The PLEA: Legal Immunity

The PLEA: Legal Immunity

Vaccine Panics of the 20th Century

Everyone should consult their health care provider to determine what medical procedures are best for them. That understood, the overwhelming consensus of the medical community is that for most people, vaccines are safe and effective.

Nonetheless, sensational, outlier events do happen. These events tend to stick in our minds and tug at our hearts. They evoke our sympathy, play to our fears, and compel us to demand better. This is especially true in the age of social media, where a single story can be amplified like never before.

A single story or event—no matter how compelling—cannot always be taken as a wholesale reflection of our collective reality. Over the past 70 or so years, about once every generation a widely-discussed event has cast doubt on vaccines. Consider how these events have shaped public perceptions, and influenced our behaviour.

1955 – Polio Vaccine Tragedy

Perhaps the greatest modern vaccination failure came in the first year of mass polio vaccinations. A faulty batch of vaccine was produced by Cutter Laboratories. 120,000 doses were given that contained live polio virus, instead of weakened virus. 40,000 children developed polio: most cases were mild, but over 160 children became paralysed and 10 died.

The tragedy spawned even more stringent government regulation of vaccines, building on a process that began in the early 1900s. It also opened up vaccine manufacturers in the United States to a flood of lawsuits. Courts ruled that Cutter Laboratories was liable to pay compensation to the people harmed by its faulty vaccine.

Fortunately, the vaccine drive continued without major problems. By 1962, 400 million polio vaccines were safely given, virtually obliterating the disease in many countries.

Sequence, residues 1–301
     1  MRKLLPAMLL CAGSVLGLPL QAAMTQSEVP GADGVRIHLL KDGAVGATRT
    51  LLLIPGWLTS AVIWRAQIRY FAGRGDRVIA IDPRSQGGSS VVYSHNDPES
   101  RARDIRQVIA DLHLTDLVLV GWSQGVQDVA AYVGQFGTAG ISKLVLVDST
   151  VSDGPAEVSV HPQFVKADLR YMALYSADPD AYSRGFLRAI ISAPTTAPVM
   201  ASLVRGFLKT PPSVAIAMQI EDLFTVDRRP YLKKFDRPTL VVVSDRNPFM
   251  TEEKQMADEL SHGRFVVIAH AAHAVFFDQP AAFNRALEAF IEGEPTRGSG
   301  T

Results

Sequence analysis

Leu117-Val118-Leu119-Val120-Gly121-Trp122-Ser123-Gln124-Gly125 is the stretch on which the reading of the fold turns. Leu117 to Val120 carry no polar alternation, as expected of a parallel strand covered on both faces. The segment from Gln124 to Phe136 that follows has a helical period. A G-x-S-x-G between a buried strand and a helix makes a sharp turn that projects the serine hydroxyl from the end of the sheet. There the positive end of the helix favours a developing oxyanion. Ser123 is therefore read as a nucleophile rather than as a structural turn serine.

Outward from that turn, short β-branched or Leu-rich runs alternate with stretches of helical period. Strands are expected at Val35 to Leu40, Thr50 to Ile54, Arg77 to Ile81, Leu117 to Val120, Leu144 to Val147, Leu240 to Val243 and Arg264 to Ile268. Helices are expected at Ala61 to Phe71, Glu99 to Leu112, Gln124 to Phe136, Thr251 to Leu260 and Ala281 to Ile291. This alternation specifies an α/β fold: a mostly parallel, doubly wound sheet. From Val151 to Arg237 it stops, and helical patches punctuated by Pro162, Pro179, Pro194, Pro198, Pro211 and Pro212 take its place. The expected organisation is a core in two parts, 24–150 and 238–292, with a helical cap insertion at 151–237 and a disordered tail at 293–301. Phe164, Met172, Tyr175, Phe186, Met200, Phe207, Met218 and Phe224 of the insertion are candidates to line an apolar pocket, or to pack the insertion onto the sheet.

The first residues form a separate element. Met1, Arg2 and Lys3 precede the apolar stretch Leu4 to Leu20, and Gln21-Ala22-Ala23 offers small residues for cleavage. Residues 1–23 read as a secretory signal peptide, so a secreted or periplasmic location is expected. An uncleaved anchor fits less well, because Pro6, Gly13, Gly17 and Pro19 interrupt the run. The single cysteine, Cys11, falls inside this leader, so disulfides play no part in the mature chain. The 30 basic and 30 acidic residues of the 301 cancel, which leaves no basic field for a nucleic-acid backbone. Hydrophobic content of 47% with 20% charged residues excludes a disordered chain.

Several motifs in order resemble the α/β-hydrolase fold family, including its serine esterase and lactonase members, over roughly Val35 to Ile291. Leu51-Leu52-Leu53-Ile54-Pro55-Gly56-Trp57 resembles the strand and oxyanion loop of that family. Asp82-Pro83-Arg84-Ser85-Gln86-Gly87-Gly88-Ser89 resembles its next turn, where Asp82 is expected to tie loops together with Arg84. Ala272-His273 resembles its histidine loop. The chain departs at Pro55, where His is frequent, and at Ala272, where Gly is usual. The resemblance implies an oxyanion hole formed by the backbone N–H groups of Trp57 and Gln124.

Every medical procedure requires us to put our trust in others. What does society lose if we lose our sense of mutual trust?


Some polio patients became so weak, they needed iron lungs to breathe. Such scenes reinforce why many Americans feared polio almost as much as the atomic bomb.

1976 – American Flu Fiasco

When a new strain of swine flu broke out, the American government feared the worst. Thus, a mass vaccination campaign was planned.

The campaign was delayed when vaccine laboratories announced that although the vaccine appeared to be safe, they could not secure liability insurance for their vaccines. This was partly a result of the litigious nature of Americans: precedents had been set by polio vaccine lawsuits in the 1950s. The announcement rattled public confidence. As the Center for Disease Control’s director later said, a message was sent that “There’s something wrong with this vaccine.”

Nothing unusual happened, medically speaking, from the vaccinations. However, the rocky start led to the media amplifying unsubstantiated claims about the vaccine. One New York Post headline panicked about vaccinations at a “Pennsylvania Death Clinic” when three Pittsburgh seniors died of heart attacks almost certainly unrelated to the vaccine. The flu ultimately turned out to be mild, and the vaccination campaign was disbanded.

Are some media sources more responsible than others? What factors give you trust in what you watch, read, or hear?

The Andy Warhol Museum

New York Post, October 13, 1976. Stories about vaccine fatalities became so outrageous, there was even speculation that a mob boss was murdered with a vaccine.

1998 – Debunked Autism Research

In the 1990s, a belief took root that vaccines caused autism. The belief was cemented in by an infamous report published in the medical journal The Lancet. British doctor Andrew Wakefield, along with a dozen co-authors, suggested that there may be a connection between vaccines and autism. Even though the report cautioned that more research was needed, the claim caught fire in anti-vaccine circles.

When people looked more deeply into the report, it came into serious question. First, several researchers were unable to replicate the study’s findings. Second, it was discovered that some key data was manipulated. Third, it was revealed that Wakefield received more than £400,000 from American lawyers trying to connect autism to vaccines, for a lawsuit against pharmaceutical companies.

In 2010, The Lancet retracted the report and Wakefield’s medical licence was revoked. For his part, Wakefield denies that he misrepresented facts or acted unethically. He remains active in anti-vaccination movements. To date, no lawsuit blaming autism on vaccines has been successful.

How much stock should we put in a single scientific study, especially if its findings are preliminary or speculative?

The Lancet

The now-retracted report on
vaccines and autism. Ten of the co-authors formally withdrew their support for the paper in 2004.

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